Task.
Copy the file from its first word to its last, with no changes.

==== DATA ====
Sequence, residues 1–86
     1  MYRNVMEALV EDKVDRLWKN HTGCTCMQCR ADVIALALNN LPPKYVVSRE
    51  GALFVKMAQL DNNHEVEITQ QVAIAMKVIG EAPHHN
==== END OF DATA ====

Sequence, residues 1–86
     1  MYRNVMEALV EDKVDRLWKN HTGCTCMQCR ADVIALALNN LPPKYVVSRE
    51  GALFVKMAQL DNNHEVEITQ QVAIAMKVIG EAPHHN